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No personal best this year for Hogan Lovells as turnover and profits decline

As the financial reporting season kicks off once more, Hogan Lovells has today (22 February) reported a 7% drop in revenue to $2.43bn as PEP fell 8% to $2.28m.

This represents a $174m reduction to the firm’s top line and looks likely to set the mood for many Global 100 players as market forces continue to take their toll. The results mark a disruption to Hogan Lovells’ purple patch, following on from last year’s 13% revenue increase to $2.61bn and eye-catching 26% hike in PEP to $2.48m, as well as a solid showing on a three-year track.

UK revenue was $464m, down 13%, from $534m last year. Of this, $449m was generated out of London and $15m from Birmingham. The UK accounted for 19% of the firm’s total revenue compared to 21% last year.

The breakdown of revenues by region held steady, with the Americas accounting for 48% of income this year, compared with 49% in 2021/22, while EMEA’s share of turnover increased from 45% to 46%. Asia-Pacific, meanwhile, accounted for the remaining 6%, on a par with last year.

Despite widespread talk of an overall slowdown in transactions, the proportion of revenue generated by corporate and finance work dropped by only 2%, to 40%. The disputes practice was stable at 28%, while global regulatory and intellectual property, media and technology (IPMT) increased from 30% to 32%.

Speaking to Legal Business, chief executive Miguel Zaldivar (pictured) maintained that this performance was still strong: ‘This was actually our second-best year ever. Last year was a record year for us. Every star aligned, and we pushed forward and had great opportunities. This year is better than 2020 in terms of both revenue and profits.’

Deputy chief executive Michael Davison added: ‘It’s a bit like saying, sure, you hit your personal best last time, but on this race you missed it. Is that a problem? It’s still a very good result.’

Zaldivar noted that headwinds were particularly fierce in corporate work. ‘There was a slowdown in M&A and capital markets, that hit all firms in similar ways,’ he said.

Global financial instability also saw revenues when reported in Sterling increase from £1.9bn to nearly £2bn. ‘The main driver was currency’,’Zaldivar explained. ‘The British pound suffered a correction during the fiscal year.’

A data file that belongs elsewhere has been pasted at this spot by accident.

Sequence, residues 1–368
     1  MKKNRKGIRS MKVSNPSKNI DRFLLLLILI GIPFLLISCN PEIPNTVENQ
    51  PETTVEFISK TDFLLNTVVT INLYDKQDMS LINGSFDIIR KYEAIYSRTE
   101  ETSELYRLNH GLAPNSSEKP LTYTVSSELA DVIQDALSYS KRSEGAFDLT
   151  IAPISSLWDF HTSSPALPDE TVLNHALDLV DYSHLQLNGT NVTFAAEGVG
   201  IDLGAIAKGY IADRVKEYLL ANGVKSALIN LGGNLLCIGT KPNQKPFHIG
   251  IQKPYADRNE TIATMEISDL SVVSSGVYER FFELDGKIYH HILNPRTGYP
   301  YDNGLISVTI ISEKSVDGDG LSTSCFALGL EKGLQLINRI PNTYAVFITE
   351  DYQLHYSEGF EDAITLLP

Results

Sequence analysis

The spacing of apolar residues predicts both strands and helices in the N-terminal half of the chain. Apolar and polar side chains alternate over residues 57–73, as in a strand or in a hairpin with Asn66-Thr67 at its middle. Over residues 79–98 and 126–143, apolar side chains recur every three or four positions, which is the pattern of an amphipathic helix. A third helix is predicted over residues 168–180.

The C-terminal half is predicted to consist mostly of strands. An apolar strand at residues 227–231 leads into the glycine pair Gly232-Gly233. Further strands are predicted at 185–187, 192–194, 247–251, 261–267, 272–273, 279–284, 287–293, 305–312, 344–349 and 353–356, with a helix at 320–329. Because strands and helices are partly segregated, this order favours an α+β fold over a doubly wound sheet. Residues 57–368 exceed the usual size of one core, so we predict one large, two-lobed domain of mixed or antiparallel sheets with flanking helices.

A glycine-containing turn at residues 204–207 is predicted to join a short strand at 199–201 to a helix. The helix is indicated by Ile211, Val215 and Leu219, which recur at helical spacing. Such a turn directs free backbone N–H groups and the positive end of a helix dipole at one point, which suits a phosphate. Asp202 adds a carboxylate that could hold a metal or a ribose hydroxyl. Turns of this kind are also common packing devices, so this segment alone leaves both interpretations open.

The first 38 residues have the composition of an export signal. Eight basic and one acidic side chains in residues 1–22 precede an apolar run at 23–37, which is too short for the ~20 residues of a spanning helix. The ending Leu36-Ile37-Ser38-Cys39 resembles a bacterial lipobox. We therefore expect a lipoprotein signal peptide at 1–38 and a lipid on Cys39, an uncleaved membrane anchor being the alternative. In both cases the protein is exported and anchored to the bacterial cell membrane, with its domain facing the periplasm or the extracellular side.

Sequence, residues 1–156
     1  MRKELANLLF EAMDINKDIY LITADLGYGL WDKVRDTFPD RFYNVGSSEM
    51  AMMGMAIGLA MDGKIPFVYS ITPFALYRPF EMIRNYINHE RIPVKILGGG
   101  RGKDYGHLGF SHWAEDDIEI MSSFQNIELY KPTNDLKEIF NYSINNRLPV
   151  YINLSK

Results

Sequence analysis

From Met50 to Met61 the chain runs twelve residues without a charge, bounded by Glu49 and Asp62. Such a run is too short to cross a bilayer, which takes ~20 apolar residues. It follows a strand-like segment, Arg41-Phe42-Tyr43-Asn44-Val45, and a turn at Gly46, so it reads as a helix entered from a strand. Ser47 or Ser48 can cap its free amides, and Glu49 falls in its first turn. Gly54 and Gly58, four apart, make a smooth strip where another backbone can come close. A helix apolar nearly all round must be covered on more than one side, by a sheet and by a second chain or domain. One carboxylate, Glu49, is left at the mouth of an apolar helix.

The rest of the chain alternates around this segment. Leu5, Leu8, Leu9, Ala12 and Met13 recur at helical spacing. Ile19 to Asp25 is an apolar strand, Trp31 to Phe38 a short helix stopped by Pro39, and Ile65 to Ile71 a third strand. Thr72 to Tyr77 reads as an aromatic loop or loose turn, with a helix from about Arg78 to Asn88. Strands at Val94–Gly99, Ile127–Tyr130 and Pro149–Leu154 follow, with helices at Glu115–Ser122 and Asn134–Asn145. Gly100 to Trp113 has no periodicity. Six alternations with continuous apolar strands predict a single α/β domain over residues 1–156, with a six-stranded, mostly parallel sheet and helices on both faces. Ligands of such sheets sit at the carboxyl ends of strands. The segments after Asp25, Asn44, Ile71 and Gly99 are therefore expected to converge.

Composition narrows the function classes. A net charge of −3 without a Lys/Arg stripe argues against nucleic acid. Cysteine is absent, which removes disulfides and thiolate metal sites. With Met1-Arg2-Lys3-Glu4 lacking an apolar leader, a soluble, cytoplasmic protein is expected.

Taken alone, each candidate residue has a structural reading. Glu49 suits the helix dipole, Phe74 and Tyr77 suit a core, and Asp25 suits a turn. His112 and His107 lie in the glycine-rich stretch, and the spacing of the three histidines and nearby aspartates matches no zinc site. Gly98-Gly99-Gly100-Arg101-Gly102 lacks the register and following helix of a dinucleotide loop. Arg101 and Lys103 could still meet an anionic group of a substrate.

In the face of these external shocks, Zaldivar and Davison argued that the results show resilience, as well as stability in headcount. Said Zaldivar: ‘Some firms saw partner attrition. We didn’t.’ In fact, the firm announced the promotion of 38 new partners and 77 new counsel, which Zaldivar said was the largest class of partners ever promoted, up 40% from the 27 announced in 2022. These included the largest proportion of female partner promotions in the firm’s history, at 58%.

A list of standout mandates included advising Duke Realty Corporation on its combination with logistics real estate company Prologis, valued at $23bn. In UK M&A, the firm advised Shaftesbury in its all-share merger with Capital & Counties Properties, creating a combined portfolio valued at $5bn.

Davison said that the firm intends to continue with its sector-focused strategy: ‘When we’re looking to expand, we need to think about where our clients want us to be through the prism of our industry focus.’

‘Energy is going to really carry the day for us in 2023’, added Zaldivar, pointing to the increasing prominence of the sector in the context of both the ongoing energy transition and heightened concerns about energy security raised by Russia’s invasion of Ukraine.

Commenting on the US strategy, Zaldivar said: ‘We have what we call four engines. One is in Washington DC, and the others are in the EMEA market. But there are three markets where we’re working very hard to grow, and those are Texas, New York, and California. Our desire is to achieve greater scale, particularly in New York, where we aim to build a fifth engine. In New York, our main focus is financial institutions. In California it’s tech. And then in Texas it’s a combination of energy and life sciences.’

Neither Zaldivar nor Davison would be drawn on the rumours of an upcoming merger with Shearman & Sterling that persist in the market.